Wednesday, December 07, 2005


During WW2 there was frequent oil spills polluting San Francisco Bay caused by damaged ships limping into the harbor. My brother’s dog brought home ducks that he found along the shore. The ducks were disabled by a coat of oil but otherwise unharmed. The action of the tides cleaned up the beaches in two weeks or so, as I recall.

In the 60’s, during one of my extended visits to the city, a Standard Oil tanker had sprung a leak. The city was up in arms about the resultant pollution. Standard Oil agreed to clean up the beaches and to pay for the care of rescued birds.

Two months after the beaches were set straight, Standard Oil was still paying for rescued birds. How much? About $100 dollars per bird still being cared for.

Now, I was a flaming liberal at the time and into politics but I could still recognize a rip-off. I asked a series of questions of the right people and Standard Oil was off the hook. The payments stopped the next day.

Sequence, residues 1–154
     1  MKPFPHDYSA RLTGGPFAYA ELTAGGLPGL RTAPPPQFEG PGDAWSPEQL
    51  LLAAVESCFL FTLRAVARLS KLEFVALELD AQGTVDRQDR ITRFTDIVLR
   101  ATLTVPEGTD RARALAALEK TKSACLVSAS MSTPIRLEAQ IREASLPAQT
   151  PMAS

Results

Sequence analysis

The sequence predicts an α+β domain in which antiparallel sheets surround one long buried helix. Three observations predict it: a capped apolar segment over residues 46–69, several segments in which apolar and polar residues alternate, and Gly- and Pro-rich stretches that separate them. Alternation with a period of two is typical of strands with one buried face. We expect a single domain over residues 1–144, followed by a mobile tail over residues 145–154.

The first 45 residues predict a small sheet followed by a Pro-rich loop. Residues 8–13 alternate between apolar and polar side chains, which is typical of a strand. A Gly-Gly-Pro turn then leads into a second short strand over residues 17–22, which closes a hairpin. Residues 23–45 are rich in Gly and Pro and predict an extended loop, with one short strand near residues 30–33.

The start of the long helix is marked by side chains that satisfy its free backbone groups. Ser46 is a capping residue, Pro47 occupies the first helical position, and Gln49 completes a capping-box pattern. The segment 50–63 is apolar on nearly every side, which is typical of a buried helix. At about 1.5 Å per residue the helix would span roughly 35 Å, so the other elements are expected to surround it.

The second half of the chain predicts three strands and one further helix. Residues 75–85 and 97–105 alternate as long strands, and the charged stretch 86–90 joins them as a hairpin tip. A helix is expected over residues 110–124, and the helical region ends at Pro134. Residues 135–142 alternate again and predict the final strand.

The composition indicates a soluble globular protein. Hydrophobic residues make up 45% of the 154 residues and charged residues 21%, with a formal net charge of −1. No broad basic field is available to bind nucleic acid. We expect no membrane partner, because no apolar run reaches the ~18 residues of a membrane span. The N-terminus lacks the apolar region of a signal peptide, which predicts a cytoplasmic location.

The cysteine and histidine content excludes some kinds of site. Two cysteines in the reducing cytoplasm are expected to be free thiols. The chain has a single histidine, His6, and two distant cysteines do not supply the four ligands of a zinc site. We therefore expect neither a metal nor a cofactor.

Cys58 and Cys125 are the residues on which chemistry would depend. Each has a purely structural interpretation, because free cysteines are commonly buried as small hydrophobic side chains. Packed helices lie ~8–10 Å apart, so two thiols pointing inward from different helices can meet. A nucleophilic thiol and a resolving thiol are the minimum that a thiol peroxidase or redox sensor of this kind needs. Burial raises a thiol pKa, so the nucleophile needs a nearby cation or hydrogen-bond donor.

The care-givers, a group of volunteers, were incensed. I don’t blame them. They had a good thing going.

That experience, among others, has left me skeptical about any environmental movement. Of course some are completely worthwhile. But at the heart of all of them are people making a living off of the movement.

Global warming is no exception.

Almost every newspaper article about global warming will start with the premise that it is an accepted fact. Contrary facts, findings, opinions, or views will all be ignored.

Also ignored is the finding that if untold trillions of dollars were spent in the coming 100 years to combat global warming, the benefit “might” be a single degree centigrade. In other words, we are virtually powerless to control our environment.

Now some research is predicting a coming ice age. You can read about it *here* and *here*.

Forgive me if I don’t panic.

IN A RELATED STORY: According to Khaleej Times Online Teheran has closed down schools and traffic because of severe pollution. Read about it *here*.

That brings back a memory.

I worked near the Kurdish village of Nagadeb (or Nagadeh, I have seen it spelled both ways) in northwest Iran. There were no trees within miles. The only fuel for fires was dried buffalo chips.

This little village was surrounded by hills so it was located in the bottom of a bowl. In the morning every hut had its buffalo chip fire burning. There was seldom a breeze in the morning.

The smoke seemed to rise to maybe 50 feet and then just hang there. Seen from above, the memory of all the smoke has stayed with me. As has the smell.


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